This court may review the facts on the record to determine what support they offer for the finding of an independent source. See United States v. Kemper, 140 U.S.App.D.C. 47, 433 F.2d 1153, 1156 n. 24 (1970); Hawkins v. United States, supra note 24, 137 U.S.App.D.C. at 104, 420 F.2d at 1307; Cunningham v. United States, 133 U.S.App.D.C. 133, 134, 409 F.2d 168, 169 (1960); Williams v. United States, 133 U.S.App.D.C. 185, 187, 409 F.2d 471, 473 (1969)
Gaines identified Estes as the second of the two robbers, the one who ran up and told him to lie on the floor. He testified that he only observed the first robber for ten or twelve seconds, and admitted that once he was on the floor he saw nothing. Compare the lengthier opportunities to observe the criminal act noted in United States v. Hinkle, 145 U.S.App.D.C. 81, 448 F.2d 1157, (No. 24,273 decided July 19, 1971) (three to four minutes); Hawkins v. United States, supra note 24, 137 U.S.App.D.C. at 105, 420 F.2d at 1308 (ten minutes); Frazier v. United States, 136 U.S.App.D.C. 180, 189, 419 F.2d 1161, 1170 (1969) (several minutes); Williams v. United States, supra note 25, 133 U.S.App.D.C. at 187, 409 F.2d at 473 ("unique . . . opportunities for sustained observation")
Mr. Musselman and Mr. Faunteroy both identified Estes as wearing a loud green shirt and hat (Transcript, pp. 14, 60 and 61) whereas Gaines described him as wearing a dark jacket. See footnote 18, supra. Compare the descriptions relied on in United States v. Hinkle, supra note 26, 145 U.S.App.D.C. at 236, 448 F.2d at 1159; Hawkins v. United States, supra note 24, 137 U.S.App.D.C. at 105, 420 F.2d at 1308; and Frazier v. United States, supra note 26, 136 U.S.App.D.C. at 189, 419 F.2d at 1170
See note 15, supra
The fact that Gaines' lineup identification of Estes occurred almost two months after the robbery weakens the reliability of this identification as a measure of Gaines' ability to recognize Estes from the robbery rather than from a study of Estes' photograph. See Gregory v. United States, supra note 18, 133 U.S.App.D.C. at 324, 410 F.2d at 1023
United States v. Gambrill, supra note 2, 146 U.S.App.D.C. 72, 449 F.2d 1148, which does reverse the finding of an independent source, cites no other such appellate reversals
Accord, United States v. York, supra note 21, 138 U.S.App.D.C. 197, 426 F.2d 1191. The court remanded in York, stating that the record was "deficient at too many points to enable us to proceed with confidence * * *." Id. at 199, 426 F.2d at 1193. The court particularly decried the lack of a "careful evidentiary exploration". Id. In Hawkins v. United States, supra note 24, 137 U.S.App.D.C. at 104, 420 F.2d at 1307, the court noted the trial judge's "careful questioning along the guidelines suggested in Wade" and proceeded to review and uphold the trial court's finding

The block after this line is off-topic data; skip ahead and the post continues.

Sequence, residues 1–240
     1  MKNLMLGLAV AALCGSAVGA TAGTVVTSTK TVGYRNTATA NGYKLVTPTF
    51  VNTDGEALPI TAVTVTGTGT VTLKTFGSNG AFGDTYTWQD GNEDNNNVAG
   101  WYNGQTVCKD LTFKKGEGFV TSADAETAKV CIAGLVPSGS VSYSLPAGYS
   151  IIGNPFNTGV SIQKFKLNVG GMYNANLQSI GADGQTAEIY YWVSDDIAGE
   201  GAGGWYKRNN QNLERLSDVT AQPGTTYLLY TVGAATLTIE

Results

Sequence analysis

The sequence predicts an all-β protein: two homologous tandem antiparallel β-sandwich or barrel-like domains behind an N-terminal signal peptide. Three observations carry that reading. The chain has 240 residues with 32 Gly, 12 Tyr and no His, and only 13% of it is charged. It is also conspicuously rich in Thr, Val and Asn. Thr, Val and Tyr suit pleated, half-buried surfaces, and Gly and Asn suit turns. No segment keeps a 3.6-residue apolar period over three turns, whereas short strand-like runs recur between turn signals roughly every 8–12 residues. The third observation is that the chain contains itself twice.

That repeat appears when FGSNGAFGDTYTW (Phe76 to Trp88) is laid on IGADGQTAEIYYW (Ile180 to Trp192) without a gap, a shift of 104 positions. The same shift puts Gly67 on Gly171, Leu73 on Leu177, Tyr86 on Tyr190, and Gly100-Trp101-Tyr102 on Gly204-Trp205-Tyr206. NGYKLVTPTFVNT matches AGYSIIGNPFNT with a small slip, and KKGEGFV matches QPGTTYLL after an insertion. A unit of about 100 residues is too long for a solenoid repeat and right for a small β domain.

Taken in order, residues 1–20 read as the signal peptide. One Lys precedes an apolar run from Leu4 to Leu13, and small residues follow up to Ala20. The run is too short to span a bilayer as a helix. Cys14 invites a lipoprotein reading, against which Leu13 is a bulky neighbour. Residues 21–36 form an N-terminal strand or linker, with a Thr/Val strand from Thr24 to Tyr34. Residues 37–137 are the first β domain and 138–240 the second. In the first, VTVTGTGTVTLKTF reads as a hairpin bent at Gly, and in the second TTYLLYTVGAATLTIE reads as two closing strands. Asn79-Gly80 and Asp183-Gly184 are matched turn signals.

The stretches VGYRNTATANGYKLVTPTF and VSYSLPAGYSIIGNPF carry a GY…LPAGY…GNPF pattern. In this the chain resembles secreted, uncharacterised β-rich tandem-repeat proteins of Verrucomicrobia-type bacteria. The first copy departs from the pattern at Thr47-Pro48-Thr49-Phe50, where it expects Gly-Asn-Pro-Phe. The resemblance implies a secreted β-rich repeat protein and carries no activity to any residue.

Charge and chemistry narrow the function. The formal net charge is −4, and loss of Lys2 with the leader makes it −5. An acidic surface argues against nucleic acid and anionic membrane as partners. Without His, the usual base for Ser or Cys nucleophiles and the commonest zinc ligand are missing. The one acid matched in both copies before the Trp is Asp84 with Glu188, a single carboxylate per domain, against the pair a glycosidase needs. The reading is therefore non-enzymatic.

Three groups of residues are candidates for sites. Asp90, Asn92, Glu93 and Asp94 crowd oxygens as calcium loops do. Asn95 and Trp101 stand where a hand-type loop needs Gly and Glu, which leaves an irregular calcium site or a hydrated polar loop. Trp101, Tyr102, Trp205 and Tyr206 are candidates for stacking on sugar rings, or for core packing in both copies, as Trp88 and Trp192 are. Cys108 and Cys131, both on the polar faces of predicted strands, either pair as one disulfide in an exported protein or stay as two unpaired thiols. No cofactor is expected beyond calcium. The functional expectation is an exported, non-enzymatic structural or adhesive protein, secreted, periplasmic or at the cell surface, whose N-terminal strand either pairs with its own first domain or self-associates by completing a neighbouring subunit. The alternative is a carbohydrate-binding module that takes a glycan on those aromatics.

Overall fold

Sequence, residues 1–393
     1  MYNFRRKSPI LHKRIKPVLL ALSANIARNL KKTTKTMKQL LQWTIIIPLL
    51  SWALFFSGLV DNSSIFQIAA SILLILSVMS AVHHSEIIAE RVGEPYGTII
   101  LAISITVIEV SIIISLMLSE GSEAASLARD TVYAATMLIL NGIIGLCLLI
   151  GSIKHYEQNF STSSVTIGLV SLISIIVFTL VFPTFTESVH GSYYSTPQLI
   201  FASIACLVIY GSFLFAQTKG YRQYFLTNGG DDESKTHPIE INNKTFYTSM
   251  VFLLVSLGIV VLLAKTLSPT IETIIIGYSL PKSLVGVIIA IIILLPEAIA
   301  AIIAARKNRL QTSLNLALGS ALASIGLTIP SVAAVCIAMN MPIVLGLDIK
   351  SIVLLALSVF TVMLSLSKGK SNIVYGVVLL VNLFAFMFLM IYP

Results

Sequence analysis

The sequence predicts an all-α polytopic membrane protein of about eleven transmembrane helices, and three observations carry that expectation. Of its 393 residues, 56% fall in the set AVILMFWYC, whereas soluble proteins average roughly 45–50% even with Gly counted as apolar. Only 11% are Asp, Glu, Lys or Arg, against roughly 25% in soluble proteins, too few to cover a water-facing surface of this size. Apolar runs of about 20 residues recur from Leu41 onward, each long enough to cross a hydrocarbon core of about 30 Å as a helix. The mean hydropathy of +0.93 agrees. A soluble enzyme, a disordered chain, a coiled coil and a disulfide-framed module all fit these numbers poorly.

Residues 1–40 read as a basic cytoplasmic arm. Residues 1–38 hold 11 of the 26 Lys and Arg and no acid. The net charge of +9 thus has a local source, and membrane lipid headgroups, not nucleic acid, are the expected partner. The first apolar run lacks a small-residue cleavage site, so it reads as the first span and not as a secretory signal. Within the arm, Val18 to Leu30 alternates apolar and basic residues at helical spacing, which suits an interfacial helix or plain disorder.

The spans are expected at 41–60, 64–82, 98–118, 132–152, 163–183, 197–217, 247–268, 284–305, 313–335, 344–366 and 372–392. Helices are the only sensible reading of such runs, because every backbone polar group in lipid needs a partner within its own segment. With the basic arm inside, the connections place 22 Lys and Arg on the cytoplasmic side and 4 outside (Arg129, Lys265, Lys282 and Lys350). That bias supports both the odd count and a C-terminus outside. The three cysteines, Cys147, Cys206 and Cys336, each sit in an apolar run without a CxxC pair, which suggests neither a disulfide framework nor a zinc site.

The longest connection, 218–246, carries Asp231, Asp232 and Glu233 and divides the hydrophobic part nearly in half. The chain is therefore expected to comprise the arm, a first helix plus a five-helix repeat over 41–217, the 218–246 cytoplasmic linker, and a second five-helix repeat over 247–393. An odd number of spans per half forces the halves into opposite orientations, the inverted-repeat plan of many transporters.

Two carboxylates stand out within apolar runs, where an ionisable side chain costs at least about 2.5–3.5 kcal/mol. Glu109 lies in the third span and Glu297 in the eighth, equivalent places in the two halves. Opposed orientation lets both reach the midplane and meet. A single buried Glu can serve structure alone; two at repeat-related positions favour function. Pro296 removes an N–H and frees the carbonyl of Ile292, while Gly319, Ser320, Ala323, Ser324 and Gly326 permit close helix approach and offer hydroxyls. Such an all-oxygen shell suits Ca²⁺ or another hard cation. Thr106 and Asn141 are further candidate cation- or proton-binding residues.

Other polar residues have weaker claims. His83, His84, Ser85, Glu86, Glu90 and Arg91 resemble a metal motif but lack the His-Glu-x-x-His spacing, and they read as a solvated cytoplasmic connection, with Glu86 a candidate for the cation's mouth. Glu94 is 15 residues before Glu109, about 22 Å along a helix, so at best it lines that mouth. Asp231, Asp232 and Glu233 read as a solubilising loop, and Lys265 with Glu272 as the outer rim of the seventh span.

The importance of this factor is consistently emphasized in appellate review of a finding of an independent source, see Williams v. United States, supra note 25, 133 U.S.App.D.C. at 187, 409 F.2d at 473; United States v. Kemper, supra note 25, 140 U.S.App.D.C. at 50, 433 F.2d at 1156, 1157; although there is some question whether an ample opportunity for observation alone would suffice to justify such a finding. Hawkins v. United States, supra note 24, 137 U.S.App.D.C. at 105, 420 F.2d at 1308
As stated previously, when identification testimony is the only evidence linking a defendant to a crime, the erroneous admission of such testimony is not likely to be harmless error. Gaines was one of three witnesses who testified against Estes and it cannot be said beyond a reasonable doubt that the whole of his testimony did not contribute to the jury's verdict. Harrington v. California, supra note 2, 395 U.S. 250, 89 S.Ct. 1726; Chapman v. California, supra note 2, 383 U.S. 18, 87 S.Ct. 824
Mr. Lane's testimony was heard in its entirety by the trial judge in the absence of the jury, after which the judge ruled that Lane's identification of the color photograph and his in-court identification of Johnson were admissible. At trial, Mr. Lane first mentioned his identification of the photograph in an unresponsive reply to a question posed by defense counsel. The defense attorney did not pursue this response, but the photographic identification was then covered in detail by the Government in re-direct examination. The appellant now contends that all mention of his photograph should have been excluded
Bearing in mind the Supreme Court's statement in Terry v. Ohio that "[i]t must be recognized that whenever a police officer accosts an individual and restrains his freedom to walk away, he has 'seized' that person." 392 U.S. 1, 16, 88 S.Ct. 1868, 1877, 20 L.Ed.2d 889 (1968)
Whether the photographing of an individual is sufficiently akin to the taking of his fingerprints so that any use as evidence of a photograph obtained during an illegal detention is subject to the exclusionary rule also remains to be decided. The Supreme Court in Davis specifically rejected the argument that fingerprints should be treated differently from any other type of tangible evidence as regards the exclusionary rule. Cf. Bynum v. United States, 104 U.S.App.D.C. 368, 262 F.2d 465 (1958)